Yet, in the generation of Augustine, these old patterns were failing to satisfy men. The rich landowner, the adventurous student, the litigious bishop still had to `sail away' to Italy from time to time: navigare is a constant theme in Augustine's works. But they would not find their ambitions so easily satisfied. All the ambitious young men of Thagaste will return to spend the rest of their lives in a thoroughly provincial setting, as the bishops of small African towns. For the Emperors had no need for the services of these Southerners. They had to stand guard over a threatened Northern frontier. Their court moved with the armies between Gaul, Northern Italy and the Danubian provinces. Africa, for them, was merely a reliable source of taxes, the heavily-administered granary of Rome. The men of Thagaste, Romanianus and his little band of clients, would find themselves not wanted: like the Anglo-Irish of the late eighteenth century, these representatives of a highly-civilized and prosperous society found themselves condemned to see their country sink to the state of a mere `colony', administered by strangers from across the sea.
Times had changed. In the fourth century the Roman Empire was facing the strain of perpetual warfare. It was the prey of barbarian warbands in the North, challenged by the well-organized and militaristic kingdom of Persia in the East. The Emperors patrolled its frontiers at the head of regiments of heavy cavalry. They were acclaimed, with an enthusiasm that mounted with every disaster, as 'the Ever-Victorious', `the Restorers of the World'. Taxation had doubled, even trebled, within living memory. The poor were victimized by an insane inflation. The rich defended themselves by unparalleled accumulations of property. The Emperor himself became a remote and awe-inspiring figure. His edicts were written in gold on purple paper; they were received with reverently covered hands, `adored', and usually, circumvented. His servants could only rule by terror. A self-respecting man such as Patricius, coming from a class accustomed to being the unquestioned leaders of their locality, would find himself dwarfed by the great nouveaux riches and bullied by Imperial officials. He would have been threatened by the most ominous symptom of all in a civilized society: by a spectacular brutalization of the penal law. He could be flogged. An offence against the Emperor or his servants might bring ruin on a whole community of respectable burghers: it might leave them maimed by torture, reduced to the ranks of the beggars by crippling fines.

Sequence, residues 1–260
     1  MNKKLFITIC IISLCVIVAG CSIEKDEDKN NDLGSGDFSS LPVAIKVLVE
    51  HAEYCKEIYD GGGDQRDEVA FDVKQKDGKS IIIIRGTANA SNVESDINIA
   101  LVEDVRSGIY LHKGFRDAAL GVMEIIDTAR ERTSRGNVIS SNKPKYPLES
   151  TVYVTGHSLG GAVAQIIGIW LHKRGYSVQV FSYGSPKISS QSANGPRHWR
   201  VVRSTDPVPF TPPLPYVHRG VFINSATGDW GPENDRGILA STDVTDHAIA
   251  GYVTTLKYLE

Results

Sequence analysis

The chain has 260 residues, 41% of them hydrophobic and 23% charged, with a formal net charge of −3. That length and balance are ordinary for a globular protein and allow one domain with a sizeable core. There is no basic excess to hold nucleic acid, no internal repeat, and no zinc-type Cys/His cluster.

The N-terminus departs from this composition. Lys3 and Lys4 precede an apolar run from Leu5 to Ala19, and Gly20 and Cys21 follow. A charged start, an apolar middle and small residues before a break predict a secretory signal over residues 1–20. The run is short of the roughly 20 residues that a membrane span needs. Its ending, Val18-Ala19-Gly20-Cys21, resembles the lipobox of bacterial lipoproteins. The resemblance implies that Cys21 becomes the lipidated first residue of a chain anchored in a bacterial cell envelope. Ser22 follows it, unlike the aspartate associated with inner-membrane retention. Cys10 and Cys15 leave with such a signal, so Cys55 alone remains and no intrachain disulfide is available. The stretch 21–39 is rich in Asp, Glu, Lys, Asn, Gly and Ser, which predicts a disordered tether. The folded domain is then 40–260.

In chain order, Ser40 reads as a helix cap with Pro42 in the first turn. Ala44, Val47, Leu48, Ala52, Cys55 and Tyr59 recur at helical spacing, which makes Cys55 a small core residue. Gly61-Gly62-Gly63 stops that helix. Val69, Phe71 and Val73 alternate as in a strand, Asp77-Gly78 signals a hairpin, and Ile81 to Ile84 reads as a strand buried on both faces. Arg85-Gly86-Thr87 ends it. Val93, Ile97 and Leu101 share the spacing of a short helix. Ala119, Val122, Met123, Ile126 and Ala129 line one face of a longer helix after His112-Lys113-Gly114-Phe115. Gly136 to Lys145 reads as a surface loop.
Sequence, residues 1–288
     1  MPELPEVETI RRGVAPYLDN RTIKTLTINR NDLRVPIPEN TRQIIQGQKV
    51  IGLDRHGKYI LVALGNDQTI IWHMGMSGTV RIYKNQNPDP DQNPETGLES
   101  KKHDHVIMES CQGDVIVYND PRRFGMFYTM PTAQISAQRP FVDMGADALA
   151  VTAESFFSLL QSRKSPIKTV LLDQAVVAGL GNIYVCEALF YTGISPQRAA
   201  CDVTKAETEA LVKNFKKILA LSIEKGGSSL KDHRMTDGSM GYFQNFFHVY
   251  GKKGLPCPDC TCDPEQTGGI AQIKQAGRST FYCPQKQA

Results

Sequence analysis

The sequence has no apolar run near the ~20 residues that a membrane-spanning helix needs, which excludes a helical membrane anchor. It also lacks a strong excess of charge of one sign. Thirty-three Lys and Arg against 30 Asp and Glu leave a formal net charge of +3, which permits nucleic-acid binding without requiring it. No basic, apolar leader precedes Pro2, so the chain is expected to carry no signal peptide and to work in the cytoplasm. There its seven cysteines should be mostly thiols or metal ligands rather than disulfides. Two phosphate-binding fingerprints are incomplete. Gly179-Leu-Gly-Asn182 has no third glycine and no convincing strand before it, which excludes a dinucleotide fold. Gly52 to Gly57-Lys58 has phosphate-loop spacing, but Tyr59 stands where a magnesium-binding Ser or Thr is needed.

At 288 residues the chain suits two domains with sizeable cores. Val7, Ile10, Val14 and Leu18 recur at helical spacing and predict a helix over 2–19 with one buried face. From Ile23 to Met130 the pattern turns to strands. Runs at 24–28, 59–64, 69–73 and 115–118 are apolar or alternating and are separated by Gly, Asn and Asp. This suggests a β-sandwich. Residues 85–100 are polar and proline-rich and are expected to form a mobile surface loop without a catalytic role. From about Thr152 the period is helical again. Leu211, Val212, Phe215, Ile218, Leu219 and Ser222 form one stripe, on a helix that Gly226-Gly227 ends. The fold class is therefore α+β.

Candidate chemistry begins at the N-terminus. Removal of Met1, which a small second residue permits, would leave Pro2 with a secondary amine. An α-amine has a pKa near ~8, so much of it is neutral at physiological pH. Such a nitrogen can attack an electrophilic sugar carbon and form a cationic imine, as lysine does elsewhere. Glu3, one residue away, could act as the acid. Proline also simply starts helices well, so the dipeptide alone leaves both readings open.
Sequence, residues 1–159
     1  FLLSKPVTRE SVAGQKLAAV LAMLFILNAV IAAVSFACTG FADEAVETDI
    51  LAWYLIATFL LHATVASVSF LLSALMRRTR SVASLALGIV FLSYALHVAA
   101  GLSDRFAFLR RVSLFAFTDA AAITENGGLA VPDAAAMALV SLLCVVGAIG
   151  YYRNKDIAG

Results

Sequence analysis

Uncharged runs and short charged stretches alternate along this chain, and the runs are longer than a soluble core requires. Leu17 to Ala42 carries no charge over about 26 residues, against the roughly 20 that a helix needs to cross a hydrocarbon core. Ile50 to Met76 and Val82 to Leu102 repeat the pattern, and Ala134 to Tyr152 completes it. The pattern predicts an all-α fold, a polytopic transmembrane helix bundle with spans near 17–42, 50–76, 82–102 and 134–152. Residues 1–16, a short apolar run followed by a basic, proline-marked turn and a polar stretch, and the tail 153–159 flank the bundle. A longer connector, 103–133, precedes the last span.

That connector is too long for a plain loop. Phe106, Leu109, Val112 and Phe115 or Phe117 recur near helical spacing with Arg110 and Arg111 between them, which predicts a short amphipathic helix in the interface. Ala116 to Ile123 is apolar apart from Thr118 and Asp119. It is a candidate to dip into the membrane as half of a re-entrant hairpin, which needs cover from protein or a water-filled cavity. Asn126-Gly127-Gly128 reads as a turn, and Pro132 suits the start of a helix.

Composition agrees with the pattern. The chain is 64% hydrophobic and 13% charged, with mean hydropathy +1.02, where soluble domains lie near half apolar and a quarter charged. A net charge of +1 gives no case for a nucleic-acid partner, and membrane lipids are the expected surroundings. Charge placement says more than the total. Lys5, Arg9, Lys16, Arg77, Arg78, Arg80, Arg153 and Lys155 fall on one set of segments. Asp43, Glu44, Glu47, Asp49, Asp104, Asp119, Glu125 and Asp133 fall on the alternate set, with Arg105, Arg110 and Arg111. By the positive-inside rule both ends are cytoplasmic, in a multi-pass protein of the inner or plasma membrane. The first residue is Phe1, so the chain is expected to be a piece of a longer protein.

Yet, as so often happens, this world on the edge of dissolution, had settled down to believe that it would last forever. The Jeremiahs of the declining Roman Empire will appear only in Augustine's old age; one cannot but be struck by the optimism of the men of Augustine's youth. Inscriptions in Africa will talk of `golden times everywhere', of `the youthful vigour of the Roman name'. A Christian bishop will regard Christianity and Roman civilization as coterminous: as if any Christian virtue could exist among the barbarians! A poetic administrator could write that Rome `by living long has learnt to scorn finality'. Rome, indeed, was still the `Middle Kingdom'. For as in ancient China, educated men knew of no other civilized state. The Roman Empire was still upheld by the unquestioning loyalty of a class resembling the `Mandarins' of Imperial China, by cultivated senators and bureaucrats whose ranks the young Augustine hoped to join.
Yet it is exactly in this aspect of Roman life that the most profound change of all had happened. The old patterns of Roman civilized life no longer entirely satisfied the cultivated man. They would even dress differently. The impeccable Roman toga, for instance, would still appear on statues of officials and great men. But the great men themselves would have worn a dress as flamboyant as any worn in the Arabian Nights: a tight tunic reaching down to the knees, heavily embroidered at the hems; bright stockings; a huge cloak pinned above the right shoulder with a clasp of barbarian origin, its billowing silk sewn with gold thread, decorated with panels of colour appropriate to the rank of the wearer, or with figures, with flying dragons, and in the case of pious Christians, with scenes from the Bible. Nor would they have lived in the houses of the past, built foursquare around a courtyard; but in intricate palaces, bright with inlaid marble and rainbow-coloured mosaics, built from the inside out, to convey by their arcades, by halls on different levels, domed ceilings and a proliferation of heavy curtains, a new sense of privacy and opulent mystery. The expressions of Late Roman men, on their statues, often betray the most far-reaching change of all. These are no longer realistic portraits: their upraised eyes and immobile, lengthened features, show a preoccupation with the other world, with the inner life, that we would associate more readily with a Romanesque saint.
For the young Augustine, the traditional life will be only a veneer. At the height of his career as a professor of classical rhetoric, part of him at least, will listen to the teachings of Mani, a Persian visionary. His life will be changed by reading the works of Plotinus: a philosopher `(who) seemed ashamed of being in the body'. A great pagan senator, Praetextatus, will speak of his traditional Roman titles as `bankrupt', of his mystical initiations as `true blessedness'.
Ambrose, sent to Milan as a Roman governor, will be ordained there as its Catholic bishop. Another nobleman, Paulinus, will suddenly disappear from the sheltered life of Aquitaine, to become a monk, leaving his friend, the old professor, Ausonius, puzzled. These incidents are omens for Augustine's future; he will be a traditional schoolmaster for eleven years of his life; a monk and a bishop for the remaining forty-four. As S. Jerome wrote of a small child in this new age: `In such a world Pacatula has been born. Disasters surround her as she plays. She will know of weeping before laughter.... She forgets the past; she flees the present; she awaits with eagerness the life to come.'